One of the reasons I have an artificial tree is to avoid the hassle of getting rid of a live tree after the holidays are over. Granted, a lot of cities offer free curbside tree pickup these days or low-cost disposal at the local dump, but for those who don’t and who can’t just drag it out to the back of their property and toss it into the woods, there’s no quick and easy way to deal with it.
One option you might have if you have a fireplace in your home is to toss it in there. This is not generally recommended for several reasons, but if you’re going to go that route you should probably consider chopping it up first.
According to the McKinney Fire Department, officials responded to a call about a structure fire in the 4400 block of Rancho Del Norte Trail.
Officials said firefighters arrived to find that a Christmas tree had been placed into a home fireplace.
Only the top of the tree was in the fire, so the flames traveled down the tree and out of the fireplace, officials said.
Damage was minimal, but one person was treated for smoke inhalation. The really sad part of this is that the town of McKinney offers Christmas tree composting services and will even pick up your tree for free.
I love that they have to tell people to remove their lights and ornaments from the tree. You know that means someone tried to have them pick up a tree with all of that still on it at some point in the past.
Learn from the stupidity of others. Don’t do this.
Yeah I know it’s August still, but after last Christmas we decided to toss our old artificial tree because it was looking worse for wear after years of having cats chew on its limbs, pinecones, and fake berries and it wasn’t a particularly realistic looking tree to begin with. We had bought it back in 2008 after finding it on sale at the local Home Depot and it was starting to fall apart. So we figured we’d wait until the summer and see if we couldn’t pick up a new one during an off-season sale. My hope was to find a pre-lit LED tree with, if at all possible, twinkle light capabilities.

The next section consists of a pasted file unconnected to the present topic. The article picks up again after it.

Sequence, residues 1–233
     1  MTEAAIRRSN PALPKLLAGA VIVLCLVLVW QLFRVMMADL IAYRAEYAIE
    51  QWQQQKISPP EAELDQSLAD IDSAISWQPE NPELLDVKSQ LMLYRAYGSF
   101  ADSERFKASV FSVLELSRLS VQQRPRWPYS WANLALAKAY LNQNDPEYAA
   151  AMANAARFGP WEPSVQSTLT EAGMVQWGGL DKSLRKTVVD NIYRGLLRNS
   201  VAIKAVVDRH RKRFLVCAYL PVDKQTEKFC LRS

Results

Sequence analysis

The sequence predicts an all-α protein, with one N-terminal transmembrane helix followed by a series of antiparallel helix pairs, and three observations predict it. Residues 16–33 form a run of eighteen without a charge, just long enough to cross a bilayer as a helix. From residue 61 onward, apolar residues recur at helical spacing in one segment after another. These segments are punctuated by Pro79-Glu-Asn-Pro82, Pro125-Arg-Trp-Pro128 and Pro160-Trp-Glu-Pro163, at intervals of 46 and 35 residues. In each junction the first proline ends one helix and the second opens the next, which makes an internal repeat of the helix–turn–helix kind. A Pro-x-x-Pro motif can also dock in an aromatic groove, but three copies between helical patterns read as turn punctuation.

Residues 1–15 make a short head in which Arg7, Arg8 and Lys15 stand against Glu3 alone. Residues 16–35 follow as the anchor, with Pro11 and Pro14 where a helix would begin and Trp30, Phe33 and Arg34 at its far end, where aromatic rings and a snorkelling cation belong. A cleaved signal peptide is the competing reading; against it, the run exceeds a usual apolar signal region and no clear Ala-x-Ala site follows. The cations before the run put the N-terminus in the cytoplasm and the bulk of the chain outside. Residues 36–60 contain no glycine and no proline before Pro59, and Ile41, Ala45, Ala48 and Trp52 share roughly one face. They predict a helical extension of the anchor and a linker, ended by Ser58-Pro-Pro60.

It occurred to me last week that summer is rapidly disappearing and we still hadn’t gotten around to finding a replacement tree so I started looking online and came across a couple of manufacturers who sell directly to customers and who had some pretty amazing looking trees. Or at least decent looking in the photos. This prompted me to propose a trip to Bronner’s Christmas Wonderland in Frankenmuth, MI to the wife so we could look at a few trees in person, which is what we did this past Saturday.